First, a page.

As we reflect on the highlights of the 2019 Mobile World Congress, including buzz around 5G, foldables, non-touch devices, robotic holograms and more, we have to wonder about where the mobile device is headed. And, is anyone focused on solving the discovery problem? Over the years, as we’ve become more reliant on our mobile devices, how we use our phones has evolved. As the phone evolves, the pendulum always swings between hardware and software improvements. But while hardware had its day in the sun at Mobile World Congress, it’s time for the software to catch up.
Hardware versus software
Phone manufacturers continue to improve camera capabilities as people keep using their phones to take selfies and capture (and share) memories. Storage continues to increase. Also, screens and resolutions get better to catch up with video consumption. With the advent of unlimited data increasing our daily usage, memory and battery life improve. As 5G approaches, along with it looms the promise of even more reliance on our devices, and we can see that hardware continues to shift to accommodate our evolving demands.
But what about the software? In response to these innovations, software will have to move forward as well. OEMs, carriers and app developers have all fought to add value to the mobile device, which we’ve seen with Siri, Bixby, Alexa and Google. However, it’s time for the next software battle – and at its core, it will be a fight for the smartest phone that actually predicts what you want.
That moment, the “OMG – your smartphone is so smart!” is on the horizon now, but what will it look like and how it will improve the content discovery experience?
More importantly: Making the phone easier versus better
Let’s face it: We’ve probably taken hardware about as far as it can go. Yes, wireless charging and earbuds are great, but beyond that, there’s only so much bigger, smaller, thinner or more foldable you can make a sheet of glass, right? Size and shape can make the phone more convenient, but it’s software that will change the real functionality of a mobile device.
The goal of the most innovative software today is making the phone easier to use. That’s why voice assistants and biometrics are catching on so quickly. They add even more convenience to our favorite devices – they make our smartphones smarter.
And yet, content discovery remains the final frontier. No one seems to have gotten this piece sorted out, all while we’re increasingly using our phones merely to discover interesting content. Today, to get the content one is looking for in idle moments, it may require navigating, loading and engaging with several apps – Facebook for what’s important to friends, Reuters or AP for actual news, and then the NHL or MLB for one’s favorite teams’ sports scores – not to mention our quest for knowing the weather in the next hour or what’s being tweeted. Impossibly, the code for providing that just-right content in those brief in-between moments has yet to be cracked.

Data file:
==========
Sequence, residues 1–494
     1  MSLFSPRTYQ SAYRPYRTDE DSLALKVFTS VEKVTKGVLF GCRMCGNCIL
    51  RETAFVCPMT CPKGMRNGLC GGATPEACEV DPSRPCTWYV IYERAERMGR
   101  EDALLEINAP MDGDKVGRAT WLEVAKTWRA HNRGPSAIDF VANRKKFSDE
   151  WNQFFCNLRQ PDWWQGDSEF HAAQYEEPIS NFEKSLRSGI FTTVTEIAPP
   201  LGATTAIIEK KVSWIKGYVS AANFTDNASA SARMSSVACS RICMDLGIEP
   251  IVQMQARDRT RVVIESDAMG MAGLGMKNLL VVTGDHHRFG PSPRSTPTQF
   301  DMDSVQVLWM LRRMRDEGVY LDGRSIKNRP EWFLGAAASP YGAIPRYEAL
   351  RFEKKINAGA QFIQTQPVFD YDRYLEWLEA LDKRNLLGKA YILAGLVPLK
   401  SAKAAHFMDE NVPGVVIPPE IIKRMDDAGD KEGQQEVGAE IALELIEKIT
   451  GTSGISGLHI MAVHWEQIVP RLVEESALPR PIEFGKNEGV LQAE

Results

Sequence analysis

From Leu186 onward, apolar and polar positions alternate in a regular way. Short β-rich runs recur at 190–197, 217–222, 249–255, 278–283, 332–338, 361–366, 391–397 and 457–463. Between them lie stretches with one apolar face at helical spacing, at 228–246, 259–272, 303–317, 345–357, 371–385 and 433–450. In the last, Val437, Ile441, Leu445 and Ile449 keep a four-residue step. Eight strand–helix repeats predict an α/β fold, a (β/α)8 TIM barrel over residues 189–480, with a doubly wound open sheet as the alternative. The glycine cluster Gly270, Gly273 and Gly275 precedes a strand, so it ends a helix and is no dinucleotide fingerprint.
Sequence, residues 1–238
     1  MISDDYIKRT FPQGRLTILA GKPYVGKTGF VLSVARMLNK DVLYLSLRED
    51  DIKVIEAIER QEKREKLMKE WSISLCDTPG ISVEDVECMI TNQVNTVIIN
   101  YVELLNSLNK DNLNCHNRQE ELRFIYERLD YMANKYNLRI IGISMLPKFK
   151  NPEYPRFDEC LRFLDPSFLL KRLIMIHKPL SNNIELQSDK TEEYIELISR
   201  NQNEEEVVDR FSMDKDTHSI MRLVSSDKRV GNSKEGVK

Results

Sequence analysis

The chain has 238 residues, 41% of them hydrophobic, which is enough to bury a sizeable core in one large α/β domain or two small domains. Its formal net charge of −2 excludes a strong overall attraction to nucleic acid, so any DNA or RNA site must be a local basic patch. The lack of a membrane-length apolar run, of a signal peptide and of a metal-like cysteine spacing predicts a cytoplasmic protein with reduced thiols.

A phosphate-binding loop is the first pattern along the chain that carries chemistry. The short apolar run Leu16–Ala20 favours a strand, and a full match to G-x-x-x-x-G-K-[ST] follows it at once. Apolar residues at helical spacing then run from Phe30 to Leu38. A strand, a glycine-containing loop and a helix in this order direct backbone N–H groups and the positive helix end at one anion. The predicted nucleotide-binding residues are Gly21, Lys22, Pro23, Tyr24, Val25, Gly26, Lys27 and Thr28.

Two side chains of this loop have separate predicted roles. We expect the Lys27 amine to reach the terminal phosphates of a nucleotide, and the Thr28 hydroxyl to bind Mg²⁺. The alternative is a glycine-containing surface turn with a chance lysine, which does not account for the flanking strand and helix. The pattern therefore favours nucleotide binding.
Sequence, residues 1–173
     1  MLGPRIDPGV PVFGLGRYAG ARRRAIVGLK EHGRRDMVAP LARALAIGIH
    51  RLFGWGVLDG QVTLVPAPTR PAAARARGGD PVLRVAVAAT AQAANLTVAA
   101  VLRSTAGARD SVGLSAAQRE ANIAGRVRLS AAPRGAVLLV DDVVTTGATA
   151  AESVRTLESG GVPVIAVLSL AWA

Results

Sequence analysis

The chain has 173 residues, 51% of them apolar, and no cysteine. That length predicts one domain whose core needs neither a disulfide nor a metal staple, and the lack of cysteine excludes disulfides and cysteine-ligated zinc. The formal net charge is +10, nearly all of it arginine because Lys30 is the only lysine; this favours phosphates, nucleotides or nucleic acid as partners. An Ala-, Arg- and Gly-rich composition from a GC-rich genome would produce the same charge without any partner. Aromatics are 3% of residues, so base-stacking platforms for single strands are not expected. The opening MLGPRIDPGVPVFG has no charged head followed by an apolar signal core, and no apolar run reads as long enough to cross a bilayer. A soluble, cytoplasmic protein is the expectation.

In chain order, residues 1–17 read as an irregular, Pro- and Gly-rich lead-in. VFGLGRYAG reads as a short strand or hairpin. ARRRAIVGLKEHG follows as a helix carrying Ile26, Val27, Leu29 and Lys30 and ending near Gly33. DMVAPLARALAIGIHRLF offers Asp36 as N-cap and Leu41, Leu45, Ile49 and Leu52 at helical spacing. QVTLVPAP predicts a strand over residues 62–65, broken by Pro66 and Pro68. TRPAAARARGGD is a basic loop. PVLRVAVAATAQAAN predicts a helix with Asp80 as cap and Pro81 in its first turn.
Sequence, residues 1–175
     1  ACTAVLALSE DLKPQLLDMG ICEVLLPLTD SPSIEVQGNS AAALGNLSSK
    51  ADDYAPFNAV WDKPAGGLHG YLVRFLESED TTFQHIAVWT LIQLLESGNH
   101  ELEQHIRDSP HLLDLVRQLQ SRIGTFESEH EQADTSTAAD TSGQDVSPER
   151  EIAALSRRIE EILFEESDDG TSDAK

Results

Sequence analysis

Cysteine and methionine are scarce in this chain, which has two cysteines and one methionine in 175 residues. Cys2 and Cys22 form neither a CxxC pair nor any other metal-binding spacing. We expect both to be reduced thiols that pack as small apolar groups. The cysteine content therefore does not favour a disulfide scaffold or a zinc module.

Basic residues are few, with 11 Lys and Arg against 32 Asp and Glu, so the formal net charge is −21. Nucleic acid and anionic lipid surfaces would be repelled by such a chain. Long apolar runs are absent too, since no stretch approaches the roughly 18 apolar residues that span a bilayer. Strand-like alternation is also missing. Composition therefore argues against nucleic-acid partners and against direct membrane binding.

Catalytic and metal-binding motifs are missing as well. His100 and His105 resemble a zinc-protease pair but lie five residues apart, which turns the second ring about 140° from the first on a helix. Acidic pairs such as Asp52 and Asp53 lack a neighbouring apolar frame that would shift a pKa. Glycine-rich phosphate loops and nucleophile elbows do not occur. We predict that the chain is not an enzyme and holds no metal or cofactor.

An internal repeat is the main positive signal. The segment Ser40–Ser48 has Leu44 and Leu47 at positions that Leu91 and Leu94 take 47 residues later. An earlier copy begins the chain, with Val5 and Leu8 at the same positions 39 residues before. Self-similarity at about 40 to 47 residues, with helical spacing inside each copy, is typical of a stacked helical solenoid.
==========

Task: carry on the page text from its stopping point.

The truth is that at the times when people are just looking for something to occupy their minds for a few minutes, they’re not looking for any one app in particular. They are, shall we say, “appnostic.” That means there’s a huge opportunity for an experience that serves personalized content quickly and easily to engage and entertain these consumers when they’re most open to it.
Apple News doesn’t say this about themselves, but that’s really what they’re trying to do – leveraging their hardware AND software control of the device to make it easier to find the content we love. But there’s room for more than one player here. Carriers and OEMs (e.g., the industry stakeholders who hold influence over the software on our devices) should make a play against Apple by offering a better (and hopefully free) experience that serves up high-quality, user-guided content that’s available with a single touch – right at the moment the phone is unlocked or with a simple swipe. That would allow users to get to the content they crave sooner – and give other OEMs (and carriers) an opportunity to build better relationships with their subscribers by delivering something people want, right when they want it. Simple, intuitive content discovery could be exactly the innovation that truly makes one smartphone smarter than all the others.
Smartphones today have a million bells and whistles. Many we want, such as better screen resolution and longer-lived batteries, and many we never thought we’d need, like five cameras on a single phone. But the conundrum of making content discovery easier remains unsolved.
Hopefully, we won’t be waiting until the next Mobile World Congress to find a solution.
This article first appeared in www.smartbrief.com
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